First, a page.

In The Moon is a Harsh Mistress by Robert Heinlein, a book about a self-aware computer who thinks he's Mycroft, the brother of Sherlock Holmes, there's a scene where two of the main characters try to explain the nature of humor to him. Mycroft, or Mike as he is most often referred to, has just pulled a stunt that could threaten lives because he thought it was funny, so Manny, our narrator, decides Mike needs a lesson.
It quickly becomes apparent that humor is a difficult thing to define. Deciding that an existential definition will work better than the dictionary, Manny prints out a list of jokes and he and Wyoming, the female lead, go through the list separately, each checking off which ones are not funny, funny once, or funny always.
This past week, with baseball season over for another year, I've been looking for movies and programs to watch on television. I rediscovered that there is not a whole lot of new material on the tube. Looking for something different, I pulled out the boxed set of Season One of 24 DVDs I'd bought years ago when I heard this was a good show, but never watched.
24 gives thriller a whole new definition. At first, I was impressed with the non-stop action, the deft way the writers upped the level of intensity in each scene as the characters were put into more and more jeopardy. After watching three episodes back-to-back, I noticed the tightness in my chest, my rapid pulse, and the need to calm down with something just a bit less intense before going to bed.
The second night, I was more aware of my physical response to the drama on the screen. I couldn't watch more than two or three episodes without feeling physically uncomfortable. And, while I could see where this high-anxiety method of scripting would draw people back on a weekly basis, I kept looking for the downtime, you know, the campfire or bar scene where people stop running and the audience gets a breather. So far, there isn't one.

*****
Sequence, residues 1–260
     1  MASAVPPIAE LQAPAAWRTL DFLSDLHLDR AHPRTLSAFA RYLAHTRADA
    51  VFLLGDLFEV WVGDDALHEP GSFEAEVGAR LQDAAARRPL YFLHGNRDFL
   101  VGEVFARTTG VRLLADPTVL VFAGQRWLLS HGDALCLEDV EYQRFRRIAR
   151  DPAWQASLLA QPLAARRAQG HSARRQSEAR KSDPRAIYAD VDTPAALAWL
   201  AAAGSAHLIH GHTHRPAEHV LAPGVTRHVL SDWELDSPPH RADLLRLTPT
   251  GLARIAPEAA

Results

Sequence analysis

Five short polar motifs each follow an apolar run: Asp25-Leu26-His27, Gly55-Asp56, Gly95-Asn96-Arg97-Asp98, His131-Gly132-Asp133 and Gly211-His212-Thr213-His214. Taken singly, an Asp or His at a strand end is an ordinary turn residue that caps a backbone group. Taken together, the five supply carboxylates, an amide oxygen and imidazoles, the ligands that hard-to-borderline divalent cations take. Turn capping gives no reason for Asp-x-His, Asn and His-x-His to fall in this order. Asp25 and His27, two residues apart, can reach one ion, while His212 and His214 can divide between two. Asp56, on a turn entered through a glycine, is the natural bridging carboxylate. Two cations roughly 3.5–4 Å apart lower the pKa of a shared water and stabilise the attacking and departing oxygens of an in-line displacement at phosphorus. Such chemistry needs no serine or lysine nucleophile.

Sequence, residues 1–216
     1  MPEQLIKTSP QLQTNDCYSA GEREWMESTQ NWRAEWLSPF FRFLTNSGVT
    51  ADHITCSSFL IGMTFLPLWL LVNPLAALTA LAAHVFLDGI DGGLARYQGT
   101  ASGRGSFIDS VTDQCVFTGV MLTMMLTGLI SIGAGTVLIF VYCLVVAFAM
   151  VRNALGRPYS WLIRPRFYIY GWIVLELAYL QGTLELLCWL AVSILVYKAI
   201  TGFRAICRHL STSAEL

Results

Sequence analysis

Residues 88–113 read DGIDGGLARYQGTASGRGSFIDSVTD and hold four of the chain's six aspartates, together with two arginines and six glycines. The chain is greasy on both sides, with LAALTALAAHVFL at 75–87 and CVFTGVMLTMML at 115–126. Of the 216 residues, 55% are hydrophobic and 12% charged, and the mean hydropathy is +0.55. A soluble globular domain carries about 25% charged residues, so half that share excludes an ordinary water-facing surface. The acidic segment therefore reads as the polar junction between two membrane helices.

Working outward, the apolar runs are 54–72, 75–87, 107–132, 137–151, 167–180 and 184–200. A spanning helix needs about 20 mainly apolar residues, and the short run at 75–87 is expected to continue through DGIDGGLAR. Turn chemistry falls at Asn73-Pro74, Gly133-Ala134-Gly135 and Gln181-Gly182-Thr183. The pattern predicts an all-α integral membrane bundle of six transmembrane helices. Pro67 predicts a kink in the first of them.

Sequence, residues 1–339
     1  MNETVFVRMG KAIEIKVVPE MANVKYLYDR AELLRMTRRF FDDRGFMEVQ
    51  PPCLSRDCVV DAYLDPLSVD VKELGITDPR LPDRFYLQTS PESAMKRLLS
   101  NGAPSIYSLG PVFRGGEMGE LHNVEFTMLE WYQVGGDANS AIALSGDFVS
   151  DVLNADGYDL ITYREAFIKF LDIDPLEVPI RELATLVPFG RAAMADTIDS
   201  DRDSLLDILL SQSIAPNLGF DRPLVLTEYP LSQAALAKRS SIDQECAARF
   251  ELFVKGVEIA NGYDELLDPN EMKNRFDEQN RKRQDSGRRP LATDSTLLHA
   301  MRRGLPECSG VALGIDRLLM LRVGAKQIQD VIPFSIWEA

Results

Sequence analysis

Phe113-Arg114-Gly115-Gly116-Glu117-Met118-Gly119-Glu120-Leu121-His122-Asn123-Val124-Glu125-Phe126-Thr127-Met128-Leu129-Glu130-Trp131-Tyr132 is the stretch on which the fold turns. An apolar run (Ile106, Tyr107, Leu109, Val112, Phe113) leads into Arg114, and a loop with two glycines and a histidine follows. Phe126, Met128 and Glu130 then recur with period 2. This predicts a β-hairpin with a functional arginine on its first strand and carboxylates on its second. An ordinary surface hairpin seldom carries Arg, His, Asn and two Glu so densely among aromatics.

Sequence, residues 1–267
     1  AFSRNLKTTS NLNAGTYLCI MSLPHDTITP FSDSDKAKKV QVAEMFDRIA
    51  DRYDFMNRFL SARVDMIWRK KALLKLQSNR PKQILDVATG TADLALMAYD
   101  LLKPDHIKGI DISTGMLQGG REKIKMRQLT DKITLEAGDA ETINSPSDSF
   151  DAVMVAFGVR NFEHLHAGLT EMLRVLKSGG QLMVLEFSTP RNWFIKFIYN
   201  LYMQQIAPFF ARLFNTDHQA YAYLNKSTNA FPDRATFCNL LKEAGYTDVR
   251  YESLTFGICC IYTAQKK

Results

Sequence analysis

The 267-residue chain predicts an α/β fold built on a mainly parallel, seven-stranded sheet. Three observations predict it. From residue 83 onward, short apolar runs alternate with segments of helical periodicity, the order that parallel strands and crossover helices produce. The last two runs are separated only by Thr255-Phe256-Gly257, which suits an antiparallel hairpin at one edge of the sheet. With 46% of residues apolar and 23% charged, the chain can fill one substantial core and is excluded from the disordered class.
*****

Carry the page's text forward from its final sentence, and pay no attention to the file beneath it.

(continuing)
I also became aware that the characters were making some choices just so the tension would increase, rather than as a realistic choice a person would make in the same situation. And I decided that 24 fell into my category of "watch once."
That's okay. Most television programs are watch once. They don't have enough depth, the surprise is gone, and there's not much to make you want to spend another hour with the story. I mean, if you already know the surprisingly valuable item found in the storage locker, why would you want to watch an episode of Storage Wars a second time?
Last Sunday night I discovered that even Downton Abbey is a "watch once." While I devoured all available seasons of this program on DVD this summer, watching an episode I'd already seen wasn't terribly interesting to me. That surprised me.
There are, of course, some television programs I consider "watch always."
Firefly. No matter how many times I watch the fourteen episodes that were made before the show was canceled, I still laugh and cry and marvel at the incredible writing in this show.
The original Law and Order. Twenty seasons (and, if Jerry Orbach hadn't died, it would probably still be going strong). I'm not sure what it is about this series that doesn't bore me even though I've seen almost every episode multiple times. Good writing, yes, but, after you've seen an episode, you already know the twist that's coming. Sometimes I take a break and will not watch an episode, saying, Oh, this is the one where... and I'll flip the channel, but I can still watch most of these over and over.
And my latest favorite, Sherlock. A novel twist on Sherlock Holmes and Dr. Watson, great writing, incredible stories that hark back to the original canon without being a mere retelling. And Benedict Cumberbatch, with his glorious baritone and prominent cheekbones. It's no wonder he won the BAFTA award for British Artist of the Year. With only three episodes per season (because they're 90 minute movies), it's a long wait until the next season begins. But I've found that my investment in the DVDs of this series was well worth it. I've watched them at least twice (after seeing the shows in their original airing) and will watch them all again before Season Three begins in January.
Now, I had to stop a minute and think of those shows above, because I have been writing about television. But what really inspired this blog was stumbling upon TCM showing Casablanca again. I've seen Casablanca. A gazillion times. I own it on DVD because I never know when the urge to watch it again will come on me. Many people consider it the greatest movie of all time. I'm one of them. The characters, the intrigue, the love story, the plot twists, the chemistry between Bogey and Ingrid Bergman--it's all there. I still cry at the end. There is no doubt that Casablanca is my all-time watch always film.
Oh, and before I forget, and to tie this back to the opening of this blog, The Moon is a Harsh Mistress is one of my read always books. If you haven't read it, give it a try, too.